Retail is one industry impacted by the quality of infrastructure, from ports and shipping to stocking supplies and even how consumers use transportation to reach retailers. The industry has been vocal about its support for an infrastructure bill, however some groups were initially wary of President Joe Biden’s proposal to increase taxes to help fund the project.
On July 27, the U.S. Senate voted to approve a $1.2 trillion infrastructure bill that includes $550 billion to fund transportation, clean water, high-speed internet and utilities, including green infrastructure like electric vehicle charging stations.
“NRF is encouraged by tonight’s quick and decisive action in the Senate to invoke cloture on the Bipartisan Infrastructure Deal, clearing the path for a full Senate vote,” National Retail Federation President and CEO Matthew Shay said in a statement July 27. “Once passed, this historic piece of legislation will serve to revitalize and invigorate the U.S. infrastructure system that so many businesses depend on.”
NRF has pushed for any infrastructure deal to be funded through user fees rather than higher taxes, while acknowledging that retailers are likely to be a top benefactor from higher quality infrastructure in the U.S.
“Retailers across the country rely on the American supply chain, and the millions of jobs it supports, to move billions of dollars’ worth of goods and products to consumers across the nation each day,” Shay said. “An improved system will help alleviate many of the ongoing supply chain challenges that retailers continue to face today.”
The current $550 billion deal is well below Biden’s original proposed plan, which was worth roughly $2.3 trillion and included investments in labor as well, such as home care workers. However, the bill does include the largest federal transportation investment in history, according to the White House.
“This is the largest Federal investment in public transit in history, and devotes a larger share of funds from surface transportation reauthorization to transit in the history of the programs,” the White House stated Wednesday. “It will repair and upgrade aging infrastructure, modernize bus and rail fleets, make stations accessible to all users, and bring transit service to new communities.”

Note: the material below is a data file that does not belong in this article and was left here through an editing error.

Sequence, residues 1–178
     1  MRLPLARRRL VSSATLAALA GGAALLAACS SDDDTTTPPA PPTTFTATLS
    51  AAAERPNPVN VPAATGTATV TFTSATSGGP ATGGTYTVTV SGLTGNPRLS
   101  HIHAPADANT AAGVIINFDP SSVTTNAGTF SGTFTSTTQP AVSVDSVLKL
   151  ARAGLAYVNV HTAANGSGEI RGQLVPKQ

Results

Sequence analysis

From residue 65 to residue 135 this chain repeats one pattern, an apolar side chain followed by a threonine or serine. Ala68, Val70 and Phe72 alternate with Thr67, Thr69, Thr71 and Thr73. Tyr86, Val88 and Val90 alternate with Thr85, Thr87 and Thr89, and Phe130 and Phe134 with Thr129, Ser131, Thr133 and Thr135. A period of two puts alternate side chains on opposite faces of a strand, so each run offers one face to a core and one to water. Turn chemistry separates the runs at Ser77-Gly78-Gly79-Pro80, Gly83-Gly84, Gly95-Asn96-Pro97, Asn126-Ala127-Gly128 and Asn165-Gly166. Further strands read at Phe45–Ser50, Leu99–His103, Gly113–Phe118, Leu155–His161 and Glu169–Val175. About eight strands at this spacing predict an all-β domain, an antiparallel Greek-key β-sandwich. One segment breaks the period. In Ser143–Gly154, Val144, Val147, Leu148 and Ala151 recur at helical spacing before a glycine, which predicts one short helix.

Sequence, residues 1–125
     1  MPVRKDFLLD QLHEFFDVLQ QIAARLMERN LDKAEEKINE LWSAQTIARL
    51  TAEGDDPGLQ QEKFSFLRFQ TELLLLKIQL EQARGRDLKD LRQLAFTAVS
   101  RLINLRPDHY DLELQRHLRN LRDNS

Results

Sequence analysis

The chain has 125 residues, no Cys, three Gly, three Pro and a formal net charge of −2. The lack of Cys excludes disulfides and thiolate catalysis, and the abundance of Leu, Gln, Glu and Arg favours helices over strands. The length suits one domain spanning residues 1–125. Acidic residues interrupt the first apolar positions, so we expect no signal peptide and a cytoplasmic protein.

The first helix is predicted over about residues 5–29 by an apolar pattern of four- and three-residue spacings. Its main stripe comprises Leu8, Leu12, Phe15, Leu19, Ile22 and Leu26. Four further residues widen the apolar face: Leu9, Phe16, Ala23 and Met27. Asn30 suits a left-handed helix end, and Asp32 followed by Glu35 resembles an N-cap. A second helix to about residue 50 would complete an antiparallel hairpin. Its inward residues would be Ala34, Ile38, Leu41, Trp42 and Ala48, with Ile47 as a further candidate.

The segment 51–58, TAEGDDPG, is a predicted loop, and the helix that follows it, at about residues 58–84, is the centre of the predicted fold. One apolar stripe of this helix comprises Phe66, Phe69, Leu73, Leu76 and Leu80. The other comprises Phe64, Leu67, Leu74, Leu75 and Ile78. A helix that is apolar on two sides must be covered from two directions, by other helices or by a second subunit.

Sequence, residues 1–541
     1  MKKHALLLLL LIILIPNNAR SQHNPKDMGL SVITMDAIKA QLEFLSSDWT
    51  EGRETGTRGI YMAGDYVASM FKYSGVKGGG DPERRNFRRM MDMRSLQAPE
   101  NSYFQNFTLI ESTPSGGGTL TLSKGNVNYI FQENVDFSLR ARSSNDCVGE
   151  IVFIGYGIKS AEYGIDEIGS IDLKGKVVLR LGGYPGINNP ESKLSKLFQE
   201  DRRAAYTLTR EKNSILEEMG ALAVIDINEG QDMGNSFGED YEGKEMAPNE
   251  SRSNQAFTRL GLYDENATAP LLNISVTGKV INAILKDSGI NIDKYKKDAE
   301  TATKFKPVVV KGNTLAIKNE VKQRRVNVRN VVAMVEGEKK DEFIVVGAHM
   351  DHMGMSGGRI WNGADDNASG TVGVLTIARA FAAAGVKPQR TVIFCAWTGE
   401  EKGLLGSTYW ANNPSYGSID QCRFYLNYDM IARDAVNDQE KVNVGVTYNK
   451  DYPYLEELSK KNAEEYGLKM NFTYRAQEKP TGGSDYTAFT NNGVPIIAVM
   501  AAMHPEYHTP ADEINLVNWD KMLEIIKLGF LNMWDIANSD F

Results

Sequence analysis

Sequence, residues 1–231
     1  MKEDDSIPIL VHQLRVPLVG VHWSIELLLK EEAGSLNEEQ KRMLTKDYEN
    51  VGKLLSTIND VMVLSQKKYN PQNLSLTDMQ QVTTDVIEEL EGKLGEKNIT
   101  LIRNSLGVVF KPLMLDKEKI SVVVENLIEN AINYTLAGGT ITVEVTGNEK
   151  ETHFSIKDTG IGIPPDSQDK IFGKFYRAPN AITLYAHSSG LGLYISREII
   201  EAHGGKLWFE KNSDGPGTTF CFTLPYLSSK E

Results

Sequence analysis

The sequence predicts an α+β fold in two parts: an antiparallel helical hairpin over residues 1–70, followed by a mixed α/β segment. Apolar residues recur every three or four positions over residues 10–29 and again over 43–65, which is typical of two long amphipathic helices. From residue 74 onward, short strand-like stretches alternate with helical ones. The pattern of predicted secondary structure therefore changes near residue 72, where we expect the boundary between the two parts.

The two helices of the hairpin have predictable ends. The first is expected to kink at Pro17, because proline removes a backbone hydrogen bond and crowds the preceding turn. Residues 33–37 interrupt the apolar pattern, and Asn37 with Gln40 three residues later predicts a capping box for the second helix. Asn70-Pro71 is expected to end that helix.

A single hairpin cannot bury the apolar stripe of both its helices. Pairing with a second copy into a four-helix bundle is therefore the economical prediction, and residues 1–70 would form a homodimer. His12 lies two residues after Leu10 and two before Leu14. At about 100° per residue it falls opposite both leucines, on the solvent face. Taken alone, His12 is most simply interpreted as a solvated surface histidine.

Following approval in the Senate, the bill will move to the House for a vote before reaching Biden’s desk. Biden has previously signaled that he will only sign a pared-down version of his infrastructure plan if Democrats can use their majority to pass a second piece of legislation to meet his other investment priorities. House Democrats are also expected to make changes to the Senate’s version of the bill. A second, $3.5 trillion bill that includes extra investments, like child care, health care and climate change actions, is facing more issues but could get pushed through the reconciliation process without bipartisan support.
The retail industry is hopeful a bipartisan bill will be signed into law in the near future for hard infrastructure.
“We strongly support this deal and its investment in core infrastructure, including roads, bridges and ports that are critical to our nation’s supply chain and global competitiveness,” Shay said. “We look forward to swift passage in the Senate and encourage the House to follow suit.”